“I am a different person with everyone I know. I would never have met the Jolivet I am with Jonquille had she not created him. This is strange. I have had to find it out for myself. No one has ever explained so clear and obvious a truth about people and identity to me.
Jonquille’s Jolivet was a surprise to me. Michel’s Jolivet a delight. I like Michel’s Jolivet as much as Jonquille’s Jolivet. I like Victor’s Jolivet, a splendid person I could not otherwise have been, Maman’s Jolivet, an uncertain but confident son, and Papa’s affectionate Jolivet.
Marc Aurel’s Jolivet is an imaginary and improbable character I have never met, called into intermittent being by Marc Aurel. In Trombone’s presence I do not exist. With Tullio I have the feeling that I represent somebody Tullio mistakenly thinks is there by happy error.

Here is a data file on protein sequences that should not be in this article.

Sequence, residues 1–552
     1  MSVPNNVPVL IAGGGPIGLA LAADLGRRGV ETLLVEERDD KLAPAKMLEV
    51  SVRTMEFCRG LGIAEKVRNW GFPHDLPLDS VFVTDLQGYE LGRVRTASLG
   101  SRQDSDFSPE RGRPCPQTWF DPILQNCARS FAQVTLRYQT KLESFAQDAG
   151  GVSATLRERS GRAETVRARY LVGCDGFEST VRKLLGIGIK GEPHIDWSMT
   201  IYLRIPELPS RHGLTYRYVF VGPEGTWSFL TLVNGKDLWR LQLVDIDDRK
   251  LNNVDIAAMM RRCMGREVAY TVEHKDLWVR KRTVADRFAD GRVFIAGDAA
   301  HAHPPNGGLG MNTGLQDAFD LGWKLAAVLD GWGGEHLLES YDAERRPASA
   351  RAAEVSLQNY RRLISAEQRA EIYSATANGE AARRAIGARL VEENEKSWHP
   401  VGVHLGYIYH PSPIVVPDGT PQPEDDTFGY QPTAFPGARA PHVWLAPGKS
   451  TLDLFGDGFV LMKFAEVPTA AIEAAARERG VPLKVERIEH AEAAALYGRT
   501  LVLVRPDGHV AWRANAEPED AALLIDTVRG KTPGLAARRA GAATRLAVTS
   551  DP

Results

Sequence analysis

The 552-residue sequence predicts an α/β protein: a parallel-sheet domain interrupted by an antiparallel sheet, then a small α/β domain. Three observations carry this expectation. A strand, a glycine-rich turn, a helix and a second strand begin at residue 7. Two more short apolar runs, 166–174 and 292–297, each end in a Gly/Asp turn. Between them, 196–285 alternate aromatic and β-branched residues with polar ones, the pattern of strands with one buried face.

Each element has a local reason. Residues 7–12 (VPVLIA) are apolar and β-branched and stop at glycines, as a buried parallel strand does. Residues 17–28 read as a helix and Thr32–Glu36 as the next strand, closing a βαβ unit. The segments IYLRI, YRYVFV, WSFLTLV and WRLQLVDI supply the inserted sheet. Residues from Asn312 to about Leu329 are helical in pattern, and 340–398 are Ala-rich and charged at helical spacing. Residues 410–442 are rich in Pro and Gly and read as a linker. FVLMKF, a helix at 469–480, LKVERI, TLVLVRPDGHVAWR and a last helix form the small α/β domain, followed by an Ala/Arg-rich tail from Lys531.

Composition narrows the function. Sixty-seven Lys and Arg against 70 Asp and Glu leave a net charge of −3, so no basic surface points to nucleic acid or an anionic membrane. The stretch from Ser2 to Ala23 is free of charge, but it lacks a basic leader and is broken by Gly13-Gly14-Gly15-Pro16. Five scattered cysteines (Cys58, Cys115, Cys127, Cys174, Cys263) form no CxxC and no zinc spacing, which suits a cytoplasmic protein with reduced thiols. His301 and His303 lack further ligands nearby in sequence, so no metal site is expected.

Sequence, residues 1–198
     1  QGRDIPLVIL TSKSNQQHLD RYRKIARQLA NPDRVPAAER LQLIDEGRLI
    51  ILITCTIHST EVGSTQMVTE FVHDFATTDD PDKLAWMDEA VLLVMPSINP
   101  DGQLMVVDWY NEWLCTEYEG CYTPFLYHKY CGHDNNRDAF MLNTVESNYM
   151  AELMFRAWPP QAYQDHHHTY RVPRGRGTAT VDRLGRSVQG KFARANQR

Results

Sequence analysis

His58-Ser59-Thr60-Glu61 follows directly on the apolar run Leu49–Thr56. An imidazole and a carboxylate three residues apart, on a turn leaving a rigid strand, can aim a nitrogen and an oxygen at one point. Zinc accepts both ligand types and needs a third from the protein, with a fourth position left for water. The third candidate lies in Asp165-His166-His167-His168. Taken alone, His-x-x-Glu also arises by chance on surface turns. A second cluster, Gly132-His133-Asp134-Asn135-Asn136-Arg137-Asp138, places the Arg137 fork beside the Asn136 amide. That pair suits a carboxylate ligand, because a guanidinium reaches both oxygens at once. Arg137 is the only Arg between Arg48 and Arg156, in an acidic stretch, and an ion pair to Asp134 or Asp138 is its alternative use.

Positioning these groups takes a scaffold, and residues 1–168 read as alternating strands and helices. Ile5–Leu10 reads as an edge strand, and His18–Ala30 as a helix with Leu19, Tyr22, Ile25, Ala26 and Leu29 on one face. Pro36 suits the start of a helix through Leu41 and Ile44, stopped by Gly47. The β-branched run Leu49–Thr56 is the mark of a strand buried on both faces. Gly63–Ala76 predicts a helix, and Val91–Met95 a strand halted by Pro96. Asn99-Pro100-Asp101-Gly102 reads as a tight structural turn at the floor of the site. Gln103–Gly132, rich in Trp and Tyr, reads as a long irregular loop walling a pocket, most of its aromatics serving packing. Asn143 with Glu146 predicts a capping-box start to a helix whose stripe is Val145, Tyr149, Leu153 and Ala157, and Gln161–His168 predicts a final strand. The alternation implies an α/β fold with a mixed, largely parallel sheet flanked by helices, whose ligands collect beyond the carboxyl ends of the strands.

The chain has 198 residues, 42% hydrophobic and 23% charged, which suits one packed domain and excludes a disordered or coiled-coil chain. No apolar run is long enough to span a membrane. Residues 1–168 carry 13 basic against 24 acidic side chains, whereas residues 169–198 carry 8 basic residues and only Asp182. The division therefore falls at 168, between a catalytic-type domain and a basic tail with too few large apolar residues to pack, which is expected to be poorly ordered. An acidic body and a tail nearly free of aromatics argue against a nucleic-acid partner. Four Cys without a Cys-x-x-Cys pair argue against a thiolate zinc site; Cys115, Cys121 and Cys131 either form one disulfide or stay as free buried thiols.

Liking, then, is not only of the person liked, but of the unique and otherwise absent person the other develops in us, releases in us, creates of us. A friend is an engendering. We love those who make us lovable. A friend is the friend a friend finds and brings out in another.”
(Guy Davenport, from “On Some Lines of Virgil”, pp. 187–188 in Eclogues.)